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Friday, July 19, 2019
KARACHI, Pakistan, May 30 2010 (IPS) - Almost seven years after Naila Farhat, 20, became another victim of an acid throwing attack by a spurned suitor, she is finally seeing more vigorous efforts toward the passage of a law seeking to amend existing legislation to reinforce protection of women against violent assaults.
Farhat is the first to admit, though, that beneath her physical scars is a smoldering anger that refuses to be pacified until she has exacted vengeance against her violators.
“I want him to be doused in acid so he can feel not just the searing pain but live with disfigurement day after day, for the rest of his life,” she said of her main assailant over telephone from Layyah, a town in the southern part of Punjab province.
Yasmeen Rehman, advisor to the prime minister on women’s development and a legislator, told IPS that the Ministry of Women Development (MoWD) was doing further research on a draft law against acid attacks.
“It is seeking help from the Acid Survivors Foundation (ASF) and the United Nations Development Fund for Women, she said.
The ASF, in turn, is getting assistance from its parent organisation in Britain and Cornell Law School in the United States, said Sana Masood, a lawyer working with the Foundation, which provides medical, psychosocial, socioeconomic and legal aid to acid survivors. “We are currently involved in extensive research to help the MoWD in coming up with another bill,” she revealed
In November 2009, six years after Farhat filed a case against her perpetrators – a tailor and her elementary science teacher, who acted as an accomplice – Chief Justice of Pakistan (CJP) Iftikhar Mohammad Chaudhary urged the government to pass a new law that would restrict the sale of industrial strength acid and increase the punishment for acid attacks.
This came with his landmark verdict upholding the original lower court ruling sentencing Farhat’s violators to 12 years in prison and ordering them to pay 1.25 million rupees (about 14,775 dollars) in damages.
Chaudhary also announced that the government would shoulder the cost of her healthcare and educational needs.
Farhat said she decided to bring her case to the Supreme Court late last year after the lower courts released one of her assailants, her former teacher, and lowered the prime perpetrator’s sentence to four years and his fine to 110,000 rupees (1,300 dollars).
“The teacher bribed the judge and got himself released the very same day,” she said.
Following the Supreme Court’s ruling, three women parliamentarians filed a “hurriedly drafted” bill, as Masood described it, seeking to amend existing laws on violence against women.
“It does not seem to be a priority within the legislative assembly and has yet to be taken up for discussion,” said Marvi Memon, one of the bill’s principal authors.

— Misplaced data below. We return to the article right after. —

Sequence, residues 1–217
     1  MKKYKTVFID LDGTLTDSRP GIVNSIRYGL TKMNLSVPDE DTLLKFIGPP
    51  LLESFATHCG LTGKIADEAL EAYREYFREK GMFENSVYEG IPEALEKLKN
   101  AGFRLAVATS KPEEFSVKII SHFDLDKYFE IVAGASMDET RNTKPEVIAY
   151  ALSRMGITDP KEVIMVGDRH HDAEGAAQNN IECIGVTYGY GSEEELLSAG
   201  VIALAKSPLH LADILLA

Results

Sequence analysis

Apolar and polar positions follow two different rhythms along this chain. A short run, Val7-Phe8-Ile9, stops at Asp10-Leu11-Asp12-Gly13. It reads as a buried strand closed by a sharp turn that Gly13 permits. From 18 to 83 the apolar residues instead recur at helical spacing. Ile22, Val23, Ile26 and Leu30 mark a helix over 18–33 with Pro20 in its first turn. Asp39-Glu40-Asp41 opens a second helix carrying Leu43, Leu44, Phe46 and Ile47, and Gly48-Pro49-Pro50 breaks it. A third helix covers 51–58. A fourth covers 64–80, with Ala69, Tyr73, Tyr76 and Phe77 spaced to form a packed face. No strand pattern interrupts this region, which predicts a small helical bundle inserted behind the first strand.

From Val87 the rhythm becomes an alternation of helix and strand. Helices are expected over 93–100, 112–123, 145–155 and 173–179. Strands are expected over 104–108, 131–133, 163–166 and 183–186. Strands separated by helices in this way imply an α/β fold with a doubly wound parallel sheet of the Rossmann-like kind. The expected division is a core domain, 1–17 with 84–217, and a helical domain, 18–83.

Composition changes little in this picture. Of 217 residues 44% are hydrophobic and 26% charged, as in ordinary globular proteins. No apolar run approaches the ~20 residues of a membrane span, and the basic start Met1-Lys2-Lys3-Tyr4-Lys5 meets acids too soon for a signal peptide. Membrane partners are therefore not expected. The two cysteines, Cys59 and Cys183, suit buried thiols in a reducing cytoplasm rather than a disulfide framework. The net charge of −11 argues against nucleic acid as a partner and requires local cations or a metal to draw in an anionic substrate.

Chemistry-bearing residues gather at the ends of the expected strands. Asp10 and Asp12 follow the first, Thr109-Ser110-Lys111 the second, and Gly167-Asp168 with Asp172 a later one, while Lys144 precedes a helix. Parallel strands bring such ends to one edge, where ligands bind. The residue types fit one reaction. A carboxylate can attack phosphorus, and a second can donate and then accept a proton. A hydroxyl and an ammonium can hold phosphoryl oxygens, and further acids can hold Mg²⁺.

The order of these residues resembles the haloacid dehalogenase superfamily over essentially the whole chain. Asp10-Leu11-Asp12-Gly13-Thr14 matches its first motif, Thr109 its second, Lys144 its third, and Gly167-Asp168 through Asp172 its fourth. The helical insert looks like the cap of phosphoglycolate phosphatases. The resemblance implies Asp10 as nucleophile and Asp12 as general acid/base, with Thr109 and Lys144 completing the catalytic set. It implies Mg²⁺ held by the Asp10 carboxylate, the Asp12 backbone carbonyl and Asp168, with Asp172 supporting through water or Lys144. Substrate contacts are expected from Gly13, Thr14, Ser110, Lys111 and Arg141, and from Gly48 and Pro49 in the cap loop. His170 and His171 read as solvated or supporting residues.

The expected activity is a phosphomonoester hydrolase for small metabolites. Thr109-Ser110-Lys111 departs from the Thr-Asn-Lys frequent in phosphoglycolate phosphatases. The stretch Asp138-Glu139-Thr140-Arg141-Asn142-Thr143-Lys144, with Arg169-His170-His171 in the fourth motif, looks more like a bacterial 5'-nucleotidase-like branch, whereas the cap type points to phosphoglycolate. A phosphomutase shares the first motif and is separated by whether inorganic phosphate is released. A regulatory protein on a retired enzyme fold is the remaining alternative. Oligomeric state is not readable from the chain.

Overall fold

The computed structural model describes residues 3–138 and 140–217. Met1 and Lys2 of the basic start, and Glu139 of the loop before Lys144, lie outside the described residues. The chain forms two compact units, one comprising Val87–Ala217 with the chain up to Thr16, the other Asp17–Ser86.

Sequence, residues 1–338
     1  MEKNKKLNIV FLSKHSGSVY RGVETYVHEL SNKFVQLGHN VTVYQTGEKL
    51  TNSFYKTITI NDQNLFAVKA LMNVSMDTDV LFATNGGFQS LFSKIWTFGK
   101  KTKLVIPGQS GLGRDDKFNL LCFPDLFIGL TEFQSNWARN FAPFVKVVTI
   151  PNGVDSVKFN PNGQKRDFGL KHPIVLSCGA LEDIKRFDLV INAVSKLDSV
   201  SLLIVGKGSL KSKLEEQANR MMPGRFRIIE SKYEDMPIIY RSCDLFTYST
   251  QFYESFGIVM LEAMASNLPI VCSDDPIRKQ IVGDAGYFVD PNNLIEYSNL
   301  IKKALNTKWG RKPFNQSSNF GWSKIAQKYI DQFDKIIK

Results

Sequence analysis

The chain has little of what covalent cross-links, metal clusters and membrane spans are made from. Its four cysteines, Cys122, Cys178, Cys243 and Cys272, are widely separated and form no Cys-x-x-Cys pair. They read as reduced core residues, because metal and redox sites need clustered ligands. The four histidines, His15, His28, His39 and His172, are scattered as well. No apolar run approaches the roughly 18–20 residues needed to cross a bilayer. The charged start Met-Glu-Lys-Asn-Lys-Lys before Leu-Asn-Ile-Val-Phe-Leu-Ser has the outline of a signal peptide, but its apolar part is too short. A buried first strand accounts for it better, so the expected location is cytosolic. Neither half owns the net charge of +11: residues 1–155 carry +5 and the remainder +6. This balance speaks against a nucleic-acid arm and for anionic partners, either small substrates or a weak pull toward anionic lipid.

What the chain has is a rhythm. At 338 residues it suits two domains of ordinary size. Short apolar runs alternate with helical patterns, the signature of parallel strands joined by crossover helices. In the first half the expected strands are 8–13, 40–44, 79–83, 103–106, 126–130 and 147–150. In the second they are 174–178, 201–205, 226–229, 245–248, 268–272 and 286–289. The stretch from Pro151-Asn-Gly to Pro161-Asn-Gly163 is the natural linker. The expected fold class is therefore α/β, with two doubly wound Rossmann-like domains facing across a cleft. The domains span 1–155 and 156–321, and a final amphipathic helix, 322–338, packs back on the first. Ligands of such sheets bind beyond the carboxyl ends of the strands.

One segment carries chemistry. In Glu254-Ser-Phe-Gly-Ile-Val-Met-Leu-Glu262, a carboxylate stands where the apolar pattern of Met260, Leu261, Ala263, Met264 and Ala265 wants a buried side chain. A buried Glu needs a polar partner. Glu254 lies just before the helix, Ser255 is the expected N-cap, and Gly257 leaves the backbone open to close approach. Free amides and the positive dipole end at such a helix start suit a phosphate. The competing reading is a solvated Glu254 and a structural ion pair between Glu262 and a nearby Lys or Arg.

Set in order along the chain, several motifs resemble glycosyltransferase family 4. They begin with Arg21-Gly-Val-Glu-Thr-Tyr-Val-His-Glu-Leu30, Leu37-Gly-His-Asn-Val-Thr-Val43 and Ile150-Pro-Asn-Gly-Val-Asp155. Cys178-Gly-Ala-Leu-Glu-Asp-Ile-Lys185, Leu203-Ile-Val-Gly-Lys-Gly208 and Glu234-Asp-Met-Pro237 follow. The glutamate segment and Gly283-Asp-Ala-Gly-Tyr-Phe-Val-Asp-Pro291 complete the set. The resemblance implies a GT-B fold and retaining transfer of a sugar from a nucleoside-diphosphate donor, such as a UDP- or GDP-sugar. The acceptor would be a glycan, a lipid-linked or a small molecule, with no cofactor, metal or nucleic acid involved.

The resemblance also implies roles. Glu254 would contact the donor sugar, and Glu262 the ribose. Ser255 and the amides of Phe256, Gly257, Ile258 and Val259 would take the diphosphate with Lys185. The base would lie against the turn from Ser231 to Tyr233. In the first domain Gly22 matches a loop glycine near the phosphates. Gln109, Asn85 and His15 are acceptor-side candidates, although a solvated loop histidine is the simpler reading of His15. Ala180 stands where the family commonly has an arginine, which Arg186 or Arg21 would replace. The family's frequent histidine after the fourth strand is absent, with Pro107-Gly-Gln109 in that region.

Masood said the bill in its present form is inadequate, because it “is discriminatory and caters only to women and children when our findings show that 39 percent of victims are males.” Men are also in danger of acid attack, she said, usually as a result of issues like property disputes, financial problems and professional jealousies.
Furthermore, she said, the bill does not clearly define the “role of the law enforcement agencies or mechanisms for regulating and monitoring acid trade,” said Masood.
Some female legislators, on the other hand, have dismissed the need for a new law protecting women against violent assaults such as acid throwing.
“I think we’re already over-legislated,” said member of Parliament Nafisa Shah. “The laws are there. What is needed is strict enforcement of the existing ones,” she said.
But Rehman said “special and specific laws are needed in a country where violence against women is on the rise.” In an earlier interview with Agence France-Presse, ASF’s Masood said they recorded 48 cases of acid attacks in 2009, up from 30 in 207.
Shahnaz Bokhari, president of the Islamabad-based Progressive Women’s Association, which assists victims of domestic violence, said she has supported 8,886 acid attack female survivors since 1994.
The incidence of acid attacks is particularly high in the southern part of Punjab, the south Asian country’s cotton belt and second largest province, said Khan.
“Lack of a regulating and monitoring framework regarding acid, cheap price, low level of socio-economic development” are some of the factors underlying these crimes, said Khan.
A bottle of concentrated sulphuric acid generally costs only 20 Pakistani rupees per litre (about 23 U.S. cents), said Bokhari.
“Acid is used for textile industry and cleaning cotton seeds before being replanted,” explained Khan, whose organisation has provided medical, psychosocial, socioeconomic and legal aid to about 300 acid survivors in Punjab since 2006 when it was formed.
While Farhat has been unrelenting in her quest for justice, some victims are afraid of taking action against their perpetrators.
Forty-something Naeema Begum, whose husband threw acid in her face when he divorced her in 2004, said, “I don’t want to take him to court; I’m scared he may take my kids away from me as revenge,” she said.
“Most have been threatened into silence,” said Bokhari. Their scars are not just physical, she said. “They go much deeper.”
Farhat sees beyond her disfigured body, her spirit resolute as ever to find justice, which has not been so elusive, after all. A new law is in the offing and her perpetrator is in jail. At the moment, though, six months since the CJP’s directive, she has yet to receive the promised financial assistance.
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